The owners had sustainability in mind when they renovated their single-storey Victorian terrace in inner-city Melbourne. With help from eco-minded architects Breathe Architecture, they turned the cramped, dark space into a sunny family home with a reduced ecological footprint.
Living and dining area
In the living and dining area, a row of clerestory windows along the roofline and glass bi-fold doors contribute to the light and bright feel, while recycled messmate flooring, finished in a natural oil sealant, lends warmth and a sense of flow.
An economical L-shape, the kitchen was custom-designed. With all-white cabinetry and neutral walls, there was plenty of scope for colour on the benchtop and splashback – a CaesarStone ‘Classico’ benchtop in Raven and a toughened glass splashback in Dulux ‘Palmer’ liven up the hub of the home.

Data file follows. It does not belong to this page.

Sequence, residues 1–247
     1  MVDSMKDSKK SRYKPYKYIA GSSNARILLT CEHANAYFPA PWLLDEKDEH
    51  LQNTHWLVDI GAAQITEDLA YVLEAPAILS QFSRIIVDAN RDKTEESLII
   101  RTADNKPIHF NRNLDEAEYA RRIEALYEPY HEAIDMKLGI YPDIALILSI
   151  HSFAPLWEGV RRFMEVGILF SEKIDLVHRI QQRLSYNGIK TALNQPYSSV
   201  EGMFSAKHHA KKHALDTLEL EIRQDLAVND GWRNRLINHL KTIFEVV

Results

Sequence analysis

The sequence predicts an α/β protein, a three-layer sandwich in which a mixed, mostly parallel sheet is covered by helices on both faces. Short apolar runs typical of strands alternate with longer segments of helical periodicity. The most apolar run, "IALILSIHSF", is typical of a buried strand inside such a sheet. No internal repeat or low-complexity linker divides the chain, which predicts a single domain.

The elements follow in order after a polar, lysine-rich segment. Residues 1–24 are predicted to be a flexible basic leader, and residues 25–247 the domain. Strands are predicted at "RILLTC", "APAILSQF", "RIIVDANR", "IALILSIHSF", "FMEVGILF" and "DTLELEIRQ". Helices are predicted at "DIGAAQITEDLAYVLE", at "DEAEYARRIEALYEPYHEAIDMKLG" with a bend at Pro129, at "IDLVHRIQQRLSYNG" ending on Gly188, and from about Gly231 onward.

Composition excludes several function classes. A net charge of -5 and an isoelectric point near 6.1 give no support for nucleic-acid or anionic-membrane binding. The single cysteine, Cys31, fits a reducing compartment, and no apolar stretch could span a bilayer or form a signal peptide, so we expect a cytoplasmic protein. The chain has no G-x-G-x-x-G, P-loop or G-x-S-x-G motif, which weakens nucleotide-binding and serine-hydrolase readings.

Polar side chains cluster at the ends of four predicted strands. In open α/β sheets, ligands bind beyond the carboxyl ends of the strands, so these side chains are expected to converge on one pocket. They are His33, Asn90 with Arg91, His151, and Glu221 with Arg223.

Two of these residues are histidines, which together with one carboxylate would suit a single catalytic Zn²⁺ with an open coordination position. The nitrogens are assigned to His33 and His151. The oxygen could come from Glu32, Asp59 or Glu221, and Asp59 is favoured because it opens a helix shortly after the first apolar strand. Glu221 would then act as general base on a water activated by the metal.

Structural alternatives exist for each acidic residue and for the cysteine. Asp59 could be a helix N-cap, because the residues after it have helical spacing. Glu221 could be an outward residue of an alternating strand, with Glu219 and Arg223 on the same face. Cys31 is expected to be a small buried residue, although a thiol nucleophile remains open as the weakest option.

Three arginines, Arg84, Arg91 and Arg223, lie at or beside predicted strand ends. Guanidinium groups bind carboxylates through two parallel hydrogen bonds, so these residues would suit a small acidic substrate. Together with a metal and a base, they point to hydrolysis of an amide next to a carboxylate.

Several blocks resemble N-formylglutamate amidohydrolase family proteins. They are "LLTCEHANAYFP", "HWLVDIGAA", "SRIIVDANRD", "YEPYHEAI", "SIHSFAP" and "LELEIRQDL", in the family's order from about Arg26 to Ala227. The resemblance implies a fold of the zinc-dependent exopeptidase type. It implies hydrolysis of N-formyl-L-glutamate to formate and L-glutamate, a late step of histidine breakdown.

The four-poster bed, made of industrial steel pipes and dressed in ‘Harper’ linen from Linen House, was shipped all the way from Crate & Barrel in the US some years ago. For a similar style of bed, try Ikea’s ‘Edland’ four-poster bed in wood. At the other end of the room are a custom-made desk and a chair from Map International.
A water-wise bathroom
The bathroom is kitted out in waterefficient Phoenix ‘Kubis’ basin mixers and a Nikles ‘Quarte 250’ chrome showerhead, both from Reece, and a hydronically heated towel rail from GP Davis Plumbing & Gasfitting. A solar hot water system from Going Solar provides the house with hot water – stainless-steel tank systems start at approximately $4000 including installation and rebates. Visit goingsolar.com.au for details about solar hot water systems; visit reece.com.au to learn about waterand energy-saving bathroom fittings.
The owners' preference for streamlined style and floor-to-ceiling storage in the kitchen and living area is the secret to the relaxed and spacious feel, which continues onto the back deck.